Alternative 3 reduces the number of beach parking spaces and incorporates a system to transport beach visitors from offsite parking to the beach area. It also incorporates a reconfiguration of the Assateague Channel Bridge from a two-lane structure to a three-lane structure and the addition of a bicycle-foot bridge.

    Alternative 3 would extend the bike path all the way down Maddox Boulevard to Main Street. It would add sidewalks, crosswalks and pedestrian signals to the major roads on Chincoteague. This plan would expand equipment concessions at the beach, increase message boards and generally have high capital costs for some of the proposals.

    Alternative 3 requires satellite parking lots, probably located on Chincoteague.

    Alternative 4 has the complete elimination of parking on the beach. A new parking garage would be constructed, probably on Chinco-teague, and a shuttle system would take visitors to the beach area.

    This option involves the purchase of a new fleet of "purpose-built" transit vehicles and have bicycle lanes on Route 175 and Maddox Boulevard. There would be no widening of the Assateague Channel Bridge with the alternative.

    Of all the alternatives, Alternative 4 raised the most ire from the crowd. One member of the audience said, "Alternative 4 would be the death blow to Chincoteague." Most of the crowd applauded that statement.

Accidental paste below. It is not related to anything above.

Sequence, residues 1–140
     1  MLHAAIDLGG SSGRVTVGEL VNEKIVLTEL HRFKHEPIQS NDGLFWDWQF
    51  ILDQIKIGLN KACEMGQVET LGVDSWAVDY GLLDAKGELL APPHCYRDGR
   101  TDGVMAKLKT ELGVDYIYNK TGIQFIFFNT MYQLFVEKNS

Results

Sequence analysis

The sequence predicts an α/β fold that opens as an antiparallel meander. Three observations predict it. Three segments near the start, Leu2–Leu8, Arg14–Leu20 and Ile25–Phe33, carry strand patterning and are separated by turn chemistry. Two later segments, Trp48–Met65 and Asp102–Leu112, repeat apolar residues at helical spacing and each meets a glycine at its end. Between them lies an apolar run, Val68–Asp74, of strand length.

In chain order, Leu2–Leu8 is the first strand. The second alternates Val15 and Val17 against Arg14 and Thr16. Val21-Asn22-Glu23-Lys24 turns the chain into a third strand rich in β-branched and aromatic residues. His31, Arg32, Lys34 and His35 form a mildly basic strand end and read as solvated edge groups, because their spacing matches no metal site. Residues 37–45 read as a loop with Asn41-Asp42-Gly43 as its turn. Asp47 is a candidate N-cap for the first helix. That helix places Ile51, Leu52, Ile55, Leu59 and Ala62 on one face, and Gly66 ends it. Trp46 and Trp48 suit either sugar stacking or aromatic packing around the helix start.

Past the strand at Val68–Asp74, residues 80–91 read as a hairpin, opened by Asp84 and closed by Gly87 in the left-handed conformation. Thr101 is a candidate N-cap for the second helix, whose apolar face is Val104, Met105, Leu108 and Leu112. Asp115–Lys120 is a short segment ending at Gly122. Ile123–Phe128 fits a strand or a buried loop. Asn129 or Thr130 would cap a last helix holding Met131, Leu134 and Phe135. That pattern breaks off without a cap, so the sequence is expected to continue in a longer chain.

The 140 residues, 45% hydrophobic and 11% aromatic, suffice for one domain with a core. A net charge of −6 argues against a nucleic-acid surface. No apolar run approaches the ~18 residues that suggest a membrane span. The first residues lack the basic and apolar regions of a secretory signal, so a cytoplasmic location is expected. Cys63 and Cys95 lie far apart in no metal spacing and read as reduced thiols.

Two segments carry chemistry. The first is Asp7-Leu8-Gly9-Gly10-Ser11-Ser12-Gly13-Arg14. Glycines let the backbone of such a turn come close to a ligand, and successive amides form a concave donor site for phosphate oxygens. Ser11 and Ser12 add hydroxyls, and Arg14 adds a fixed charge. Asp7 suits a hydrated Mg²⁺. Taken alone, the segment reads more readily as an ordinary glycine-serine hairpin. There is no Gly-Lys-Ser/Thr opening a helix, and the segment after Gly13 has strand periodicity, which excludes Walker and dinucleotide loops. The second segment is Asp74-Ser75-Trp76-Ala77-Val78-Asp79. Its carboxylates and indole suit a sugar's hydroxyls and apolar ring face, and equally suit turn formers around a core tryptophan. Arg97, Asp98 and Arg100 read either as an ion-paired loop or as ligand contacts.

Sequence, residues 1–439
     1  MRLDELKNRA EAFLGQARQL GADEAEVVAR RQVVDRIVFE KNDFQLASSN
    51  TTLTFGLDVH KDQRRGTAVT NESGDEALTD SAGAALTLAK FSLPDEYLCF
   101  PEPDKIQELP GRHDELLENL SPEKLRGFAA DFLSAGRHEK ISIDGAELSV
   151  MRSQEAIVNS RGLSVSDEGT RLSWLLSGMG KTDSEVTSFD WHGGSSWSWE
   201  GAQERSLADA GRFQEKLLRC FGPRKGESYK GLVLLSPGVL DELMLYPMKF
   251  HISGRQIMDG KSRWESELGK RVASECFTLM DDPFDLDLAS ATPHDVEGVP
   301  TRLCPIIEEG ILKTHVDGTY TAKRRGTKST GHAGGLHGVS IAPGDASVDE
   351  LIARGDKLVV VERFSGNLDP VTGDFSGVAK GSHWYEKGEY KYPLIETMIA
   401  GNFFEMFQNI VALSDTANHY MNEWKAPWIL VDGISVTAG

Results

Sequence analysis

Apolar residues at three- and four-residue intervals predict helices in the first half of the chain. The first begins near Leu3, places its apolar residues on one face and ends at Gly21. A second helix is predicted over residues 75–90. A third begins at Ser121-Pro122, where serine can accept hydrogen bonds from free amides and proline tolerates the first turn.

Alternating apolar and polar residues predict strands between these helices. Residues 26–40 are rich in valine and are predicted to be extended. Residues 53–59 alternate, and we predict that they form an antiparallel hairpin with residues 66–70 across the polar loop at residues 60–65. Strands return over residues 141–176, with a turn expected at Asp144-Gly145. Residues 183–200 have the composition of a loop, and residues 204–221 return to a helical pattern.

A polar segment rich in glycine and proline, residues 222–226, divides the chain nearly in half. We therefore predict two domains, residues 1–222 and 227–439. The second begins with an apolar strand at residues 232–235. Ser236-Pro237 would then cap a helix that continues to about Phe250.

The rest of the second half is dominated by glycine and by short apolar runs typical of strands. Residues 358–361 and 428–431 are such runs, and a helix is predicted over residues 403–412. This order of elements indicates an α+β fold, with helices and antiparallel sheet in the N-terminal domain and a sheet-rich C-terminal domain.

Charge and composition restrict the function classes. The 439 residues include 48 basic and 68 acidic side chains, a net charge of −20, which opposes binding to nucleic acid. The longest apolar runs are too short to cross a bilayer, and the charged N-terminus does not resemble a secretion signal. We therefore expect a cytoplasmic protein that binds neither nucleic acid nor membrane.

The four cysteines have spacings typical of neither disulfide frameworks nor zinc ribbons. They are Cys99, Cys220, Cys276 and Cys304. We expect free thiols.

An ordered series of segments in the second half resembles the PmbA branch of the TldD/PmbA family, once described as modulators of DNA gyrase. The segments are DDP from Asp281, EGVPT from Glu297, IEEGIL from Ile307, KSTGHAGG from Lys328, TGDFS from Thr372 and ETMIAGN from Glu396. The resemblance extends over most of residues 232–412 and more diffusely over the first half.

Hinds, Dyer and Trish Kicklighter, superintendent of Assateague Island National Seashore, answered questions from the audience after the four plans had been described.

    Hinds said the a new alternative parking plan must be adopted within the next two years.

    "Please read the document in its entirety," Hinds implored. "I can't do this without you. Right now we don't have a plan of action."

    Hinds told the crowd that sea level rise has had an impact on Assateague, and could have more of an impact in the future. He gave an example of a marker that he took a picture of on Assateague two years ago that was once 157 paces from the water line. Today the site of the marker is under water and about five feet of sand that used to be there is now gone.

    Kicklighter stated that about $200,000 is reserved each year for beach parking and lifeguards out of the funds raised for entrance fees. However, she estimated that up to $600,000 has been spent on Assateague parking with all the storms that hit the island this winter.

    The Volpe Team met with local people in a series of meetings last year to get their input into the study.

    The whole study with appendices is available on the Chincoteague National Wildlife Refuge Web site. There also is a place on the site to make a comment and Hinds urged everyone interested to make a comment, either on the site or in a letter.

  • Wednesday, March 24, 2010

    Daily Entrance Fee To Increase For Wildlife Refuge